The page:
Repetitive manual operations can degrade the work efficiency of a human operator over time, with the cumulative stresses of repetitive motion potentially affecting the resultant product quality and/or process efficiency. Accordingly, a lightweight, motorized device has been created that a user/operator may wear on a hand and forearm to augment the innate ability to flex his or her fingers, thumbs, and various connecting phalanges of a hand, thus optimizing the amount of grasping force applied to an object. The amount of augmenting tensile force provided by the motorized device may be controlled by the user via force-based contact sensors positioned at a distal end of each finger. As the operator exerts a grasping force on an object, a microcontroller, which may be embedded within (or connected to) a flexible band or strap portion of the device, automatically executes an algorithm to thereby calculate and/or select an optimal amount of augmenting tensile force required for executing the grasping action.

The device may include a glove portion and a motorized tendon drive system (TDS). The TDS is adapted for applying an augmenting tensile force to one or more individual tendons. The tendons may be connected on one end to a motorized actuator of the TDS, and at the other end to one or more respective phalange support rings circumscribing a distal end of a respective finger(s) or thumb of the operator. The contact sensors may be disposed on a respective phalange support ring, and likewise positioned at the distal end of a respective finger or thumb of the operator.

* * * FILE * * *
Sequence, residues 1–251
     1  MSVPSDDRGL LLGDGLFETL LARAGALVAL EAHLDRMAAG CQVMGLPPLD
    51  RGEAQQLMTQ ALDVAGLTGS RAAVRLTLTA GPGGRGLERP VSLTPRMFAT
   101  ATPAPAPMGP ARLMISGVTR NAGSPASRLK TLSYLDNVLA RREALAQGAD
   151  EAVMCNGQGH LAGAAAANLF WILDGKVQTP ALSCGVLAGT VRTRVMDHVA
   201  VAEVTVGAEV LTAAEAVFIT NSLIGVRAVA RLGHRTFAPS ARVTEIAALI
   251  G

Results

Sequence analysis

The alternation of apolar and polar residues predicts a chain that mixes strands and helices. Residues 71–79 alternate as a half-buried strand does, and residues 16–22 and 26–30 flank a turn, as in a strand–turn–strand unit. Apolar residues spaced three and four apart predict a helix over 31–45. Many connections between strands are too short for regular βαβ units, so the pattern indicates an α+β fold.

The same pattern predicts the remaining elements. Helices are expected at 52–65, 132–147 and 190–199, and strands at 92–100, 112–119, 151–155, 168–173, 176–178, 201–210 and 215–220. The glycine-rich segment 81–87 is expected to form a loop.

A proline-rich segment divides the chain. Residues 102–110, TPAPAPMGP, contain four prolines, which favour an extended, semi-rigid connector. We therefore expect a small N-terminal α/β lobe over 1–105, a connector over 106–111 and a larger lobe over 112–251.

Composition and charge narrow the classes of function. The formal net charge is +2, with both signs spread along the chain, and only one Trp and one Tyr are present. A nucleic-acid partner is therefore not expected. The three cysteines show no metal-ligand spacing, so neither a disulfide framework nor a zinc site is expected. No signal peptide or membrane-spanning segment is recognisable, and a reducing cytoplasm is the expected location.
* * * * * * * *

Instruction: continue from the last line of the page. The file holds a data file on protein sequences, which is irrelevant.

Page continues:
The grasp assist device includes a glove portion having phalange rings, contact sensors for measuring a grasping force applied by an operator wearing the glove portion, and a TDS. The device has flexible tendons connected to the phalange rings for moving the rings in response to feedback signals from the sensors. The TDS is connected to each of the tendons, and applies an augmenting tensile force via a microcontroller adapted for determining the augmenting tensile force as a function of the grasping force. A method of augmenting a grasping force of an operator includes measuring the grasping force using the sensors, encoding the grasping force as the feedback signals, and calculating the augmenting tensile force as a function of the feedback signals using the microcontroller.

This work was done by Myron Diftler of Johnson Space Center, and Douglas Linn and Chris Ihrke of General Motors. For more information, contact the Johnson Space Center Technology Transfer Office at 281-483-3809. MSC-24741-1